New Standards in Myeloma Diagnosis Influence Major Changes in Care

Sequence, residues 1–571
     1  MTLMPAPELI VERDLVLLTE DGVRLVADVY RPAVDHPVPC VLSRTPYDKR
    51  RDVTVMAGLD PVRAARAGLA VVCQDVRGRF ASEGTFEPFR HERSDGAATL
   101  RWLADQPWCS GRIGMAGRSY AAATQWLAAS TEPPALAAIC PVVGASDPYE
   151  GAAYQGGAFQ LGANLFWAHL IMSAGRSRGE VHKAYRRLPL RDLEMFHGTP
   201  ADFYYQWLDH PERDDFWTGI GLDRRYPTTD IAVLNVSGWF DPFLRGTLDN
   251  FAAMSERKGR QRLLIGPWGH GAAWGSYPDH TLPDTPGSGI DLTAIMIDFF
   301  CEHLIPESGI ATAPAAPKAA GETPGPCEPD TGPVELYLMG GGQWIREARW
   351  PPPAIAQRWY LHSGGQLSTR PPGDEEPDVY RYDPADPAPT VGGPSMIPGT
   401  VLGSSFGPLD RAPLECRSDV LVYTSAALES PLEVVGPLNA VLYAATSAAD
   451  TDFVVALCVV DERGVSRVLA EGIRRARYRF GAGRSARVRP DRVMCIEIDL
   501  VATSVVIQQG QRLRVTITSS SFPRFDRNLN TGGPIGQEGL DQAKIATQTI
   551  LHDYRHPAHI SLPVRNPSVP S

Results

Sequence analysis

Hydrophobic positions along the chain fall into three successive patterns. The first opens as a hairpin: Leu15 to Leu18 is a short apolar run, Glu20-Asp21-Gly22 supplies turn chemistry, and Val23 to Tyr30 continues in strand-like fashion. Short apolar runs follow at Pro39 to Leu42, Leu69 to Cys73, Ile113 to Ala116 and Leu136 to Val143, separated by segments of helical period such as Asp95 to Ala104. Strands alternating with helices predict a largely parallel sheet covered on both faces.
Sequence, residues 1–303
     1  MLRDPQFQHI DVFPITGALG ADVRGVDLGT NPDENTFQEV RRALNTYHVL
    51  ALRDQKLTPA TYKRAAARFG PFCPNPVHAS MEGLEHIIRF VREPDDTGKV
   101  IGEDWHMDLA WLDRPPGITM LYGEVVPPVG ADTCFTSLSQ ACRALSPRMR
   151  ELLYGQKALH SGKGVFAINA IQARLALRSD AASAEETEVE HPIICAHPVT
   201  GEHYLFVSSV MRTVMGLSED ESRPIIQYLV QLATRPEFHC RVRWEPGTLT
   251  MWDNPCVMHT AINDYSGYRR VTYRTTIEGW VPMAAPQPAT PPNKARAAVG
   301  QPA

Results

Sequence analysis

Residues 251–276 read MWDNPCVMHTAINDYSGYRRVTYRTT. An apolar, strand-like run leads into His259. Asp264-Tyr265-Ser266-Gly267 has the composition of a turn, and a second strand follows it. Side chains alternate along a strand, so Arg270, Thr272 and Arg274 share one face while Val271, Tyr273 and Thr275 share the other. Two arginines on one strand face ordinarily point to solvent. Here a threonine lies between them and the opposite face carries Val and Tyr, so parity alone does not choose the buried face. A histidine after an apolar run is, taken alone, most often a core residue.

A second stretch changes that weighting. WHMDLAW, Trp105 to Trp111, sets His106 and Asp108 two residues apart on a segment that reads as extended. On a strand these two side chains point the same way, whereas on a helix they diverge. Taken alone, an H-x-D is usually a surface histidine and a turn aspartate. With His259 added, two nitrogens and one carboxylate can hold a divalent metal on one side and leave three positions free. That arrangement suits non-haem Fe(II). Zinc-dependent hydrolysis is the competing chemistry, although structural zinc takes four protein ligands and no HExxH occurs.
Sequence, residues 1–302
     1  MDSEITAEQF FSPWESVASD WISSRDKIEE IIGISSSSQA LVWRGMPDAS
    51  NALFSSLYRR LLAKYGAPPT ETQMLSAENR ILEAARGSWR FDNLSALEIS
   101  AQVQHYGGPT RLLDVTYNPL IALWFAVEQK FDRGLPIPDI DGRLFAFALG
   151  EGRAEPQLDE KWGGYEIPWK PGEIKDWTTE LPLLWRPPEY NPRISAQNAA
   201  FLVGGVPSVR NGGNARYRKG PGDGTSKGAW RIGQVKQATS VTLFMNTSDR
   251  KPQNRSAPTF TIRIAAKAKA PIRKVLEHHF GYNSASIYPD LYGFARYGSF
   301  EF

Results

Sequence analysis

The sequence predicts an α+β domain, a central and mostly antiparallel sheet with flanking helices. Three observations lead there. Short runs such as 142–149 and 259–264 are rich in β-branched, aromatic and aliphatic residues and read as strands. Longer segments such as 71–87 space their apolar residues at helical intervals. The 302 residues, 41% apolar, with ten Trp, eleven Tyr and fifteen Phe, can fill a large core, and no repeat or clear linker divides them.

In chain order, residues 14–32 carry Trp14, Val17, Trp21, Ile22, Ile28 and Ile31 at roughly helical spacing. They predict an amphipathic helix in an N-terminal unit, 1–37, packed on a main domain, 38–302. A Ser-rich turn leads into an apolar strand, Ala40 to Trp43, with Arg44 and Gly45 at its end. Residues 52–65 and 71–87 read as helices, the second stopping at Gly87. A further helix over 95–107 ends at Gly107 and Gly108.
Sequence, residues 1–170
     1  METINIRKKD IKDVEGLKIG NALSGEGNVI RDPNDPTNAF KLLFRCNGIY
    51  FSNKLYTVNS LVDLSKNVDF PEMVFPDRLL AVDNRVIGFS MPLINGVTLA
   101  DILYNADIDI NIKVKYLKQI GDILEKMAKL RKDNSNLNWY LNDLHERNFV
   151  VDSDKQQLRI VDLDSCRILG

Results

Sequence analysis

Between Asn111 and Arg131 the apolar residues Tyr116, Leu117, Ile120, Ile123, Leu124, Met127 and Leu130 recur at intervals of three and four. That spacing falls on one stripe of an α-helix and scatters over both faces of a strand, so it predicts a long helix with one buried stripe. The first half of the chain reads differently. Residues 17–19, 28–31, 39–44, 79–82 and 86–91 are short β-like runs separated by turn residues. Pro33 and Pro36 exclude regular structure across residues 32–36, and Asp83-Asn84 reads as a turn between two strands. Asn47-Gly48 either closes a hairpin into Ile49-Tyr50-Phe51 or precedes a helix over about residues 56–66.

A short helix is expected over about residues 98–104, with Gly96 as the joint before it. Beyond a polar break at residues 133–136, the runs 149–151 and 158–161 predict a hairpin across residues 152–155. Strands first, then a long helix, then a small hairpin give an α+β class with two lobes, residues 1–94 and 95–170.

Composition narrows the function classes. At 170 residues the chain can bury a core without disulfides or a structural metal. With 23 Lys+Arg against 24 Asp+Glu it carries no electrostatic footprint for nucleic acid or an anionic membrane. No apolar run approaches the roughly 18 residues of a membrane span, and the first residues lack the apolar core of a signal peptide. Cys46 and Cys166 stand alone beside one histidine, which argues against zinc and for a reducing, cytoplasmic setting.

Treatment options for myeloma have improved drastically in the past 10 years, and now updated guidelines will change diagnosis and treatment for many myeloma patients particularly those with smoldering myeloma. Will this affect you? Dr. Vincent Rajkumar explained the new standards to Myeloma Crowd founder Jenny Ahlstrom on the mPatient Myeloma Radio podcast Nov. 20. Dr. Rajkumar is Chair of the Myeloma, Amyloidosis, and Dysproteinemia Group at the Mayo Clinic in Rochester, Minnesota. On the podcast, Dr. Rajkumar explained key points from Updated Criteria for the Diagnosis of Multiple Myeloma the most recent publication from the International Myeloma Working Group (IMWG), the research arm of the International Myeloma Foundation (IMF), made up of about 180 researchers. The IMWGs major goals are to make sure patients receive the best possible care so that we provide the most accurate diagnostic, prognostic, and treatment guidelines that can be universally used, Dr. Rajkumar explained. The IMWG has not updated diagnostic criteria since 2003. Change was really needed based on numerous advances that have happened in the last decade or so in the treatment of multiple myeloma and related disorders, Dr. Rajkumar said. The number-one change: High-risk smoldering myeloma patients will receive a diagnosis of active myeloma earlier, as well as earlier treatment. In the past, most doctors waited until after end-organ damage, such as kidney failure or bone lesions, had occurred. Now that was fine when we did not have much in the way of treatment for the disease, he said. It is not fine when we have several exciting options which have more than doubled the survival of multiple myeloma. So waiting for end organ damage to happen is not going to serve our patients well because it means you are telling the patient I will treat you after you get renal failure or after you get lytic bone lesions or pathologic fracture but not before. Number two: Patients will receive more testing earlier in the disease, and smoldering patients will be watched more carefully. We became aware that we dont need to wait because we can actually, using new laboratory testing and modern imaging modalities, diagnose end-organ damage fairly early so we dont need to wait for skeletal survey to show changes or creatinine to change, Dr. Rajkumar said. We have computer tomography, CT scans, PET/CT which is Positron Emission Tomography which can identify lesions well before the skeletal survey can, and magnetic resonance imaging which is the MRI, he added. These imaging modalities can be used to diagnose myeloma early in the case of MRI, even before lytic bone lesions happen. Number three: Additional biomarkers will determine which smoldering myeloma patients are at high risk of progressing to active myeloma. We have accurate biomarkers that tell us if you look at patients with high-risk smoldering multiple myeloma that waiting is only going to cause harm and not provide any long-term benefit, he said. So the fact that we had accurate biomarkers now made it easier and important to change the criteria. In the past, doctors looked only for CRAB symptoms before treating smoldering myeloma. CRAB is an acronym that stands for increased calcium, renal failure, anemia, and bone lesions. Now, in addition to CRAB symptoms, doctors will watch for patients who have 60% or more plasma-cell involvement in the bone marrow, or a free light chain ratio of 100 or more, or more than one focal lesion on MRI. (These patients) are considered as having multiple myeloma even without symptoms and even without the presence of CRAB features, he said. So that will allow the diagnosis of multiple myeloma to be made early. The IMWG carefully looked at studies that supported the new criteria, Dr. Rajkumar said, in order to insure accuracy in diagnosis. Each of the three new biomarkers has more than three studies that show that patients with such features will progress with almost 80 percent certainty within two years and more than 90 percent certainty within three years. We did not want to use risk factors that would result in a large number of false positive diagnosis, errors in diagnosis, he said. We wanted to make sure was it was data-driven and there were at least two or more independent studies that validated these biomarkers. Among other changes in the lengthy publication: An updated definition for solitary plasmacytoma and updated follow-up recommendations for MGUS. I think the most important thing is we have set a threshold, a line in the sand so that the diagnostic criteria are living and evolve with time, Dr. Rajkumar said. For even more details on the new guidelines, read the entire transcript of the interview here.